The Saints: Higher than Hubble

            The Hubble Space Telescope,[1] named in honor of astronomer Edwin Hubble, was launched into low earth orbit in 1990.  With its 7.9-foot mirror, it is still in orbit and may continue to operate until 2030 or even 2040.  Because it travels outside earth’s atmospheric distortion, the Hubble Telescope is able to transmit extremely high resolution images with hardly any background light.

            What have astronomers learned from the Hubble Telescope?  Here are just some of their tantalizing discoveries:

  • There is evidence that the universe may be expanding at an ever-accelerating rate.

  • Galaxies exist billions of miles away from us.

  • Black holes are probably common to the centers of all galaxies.

  • Extra-solar planets may very well be orbiting around sun-like stars.

  • A tiny fifth moon travels around the dwarf planet Pluto.

  • There is actually a sixty-mile deep salt-water ocean beneath the surface of Ganymede, Jupiter’s largest moon.

            In short, the Hubble Space Telescope, because it is unaffected by distortions caused by earth’s atmosphere, has proven to be the source of some amazing scientific discoveries.  It has cleared up a number of astronomical quandaries and, at the same time, has raised even more puzzling questions.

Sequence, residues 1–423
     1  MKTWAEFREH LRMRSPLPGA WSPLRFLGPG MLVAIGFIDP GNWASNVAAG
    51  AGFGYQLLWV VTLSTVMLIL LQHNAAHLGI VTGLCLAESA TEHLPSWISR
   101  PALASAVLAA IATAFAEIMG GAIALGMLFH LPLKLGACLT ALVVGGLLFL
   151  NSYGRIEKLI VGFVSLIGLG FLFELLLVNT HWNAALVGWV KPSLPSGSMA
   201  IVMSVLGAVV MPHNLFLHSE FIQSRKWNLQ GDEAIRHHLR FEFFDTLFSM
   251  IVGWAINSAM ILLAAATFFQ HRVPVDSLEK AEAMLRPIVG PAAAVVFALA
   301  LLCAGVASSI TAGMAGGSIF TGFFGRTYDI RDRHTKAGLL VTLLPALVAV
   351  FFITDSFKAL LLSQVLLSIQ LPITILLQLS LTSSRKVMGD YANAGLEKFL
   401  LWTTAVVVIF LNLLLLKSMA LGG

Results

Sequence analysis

On December 8, 1933, in Rome, at the canonization of Saint Bernadette of Lourdes, Pope Pius XI actually compared the saints to the telescopes of astronomers.  “Instruments,” said the Pontiff, “permit us to see stars which the naked eye could never discover.  Through saints, we learn to see those eternal truths which the world’s common day veils from our feeble eyes.”[2]

            What a remarkable statement!  If we wish to gain a deeper love and understanding of the Divine Majesty, we need only turn to the saints who, while on earth, learned to see through the all-too-prevalent worldly distortions of divine truth and who, now in heaven, see the face of God with unclouded vision.  If we wish to grow closer to God, all we have to do is get to know the saints, not only through reading and study, but also through prayer and frequent recourse to their intercession.

            On All Saints Day, we commemorate the whole company of the blessed in heaven.  Each one of the countless saints whom the Church extols can bring God into sharper focus for us.  The saints are our brothers and sisters in the Faith.  They are our role models and exemplars.  They are our patrons and intercessors before God.  They are the orbiting space telescopes through which, even now, we gain a really good glimpse of the divine.

[1] All information in this article about the Hubble Telescope comes from Wikipedia.

[2] Quoted in The Song of Bernadette, by Franz Werfel.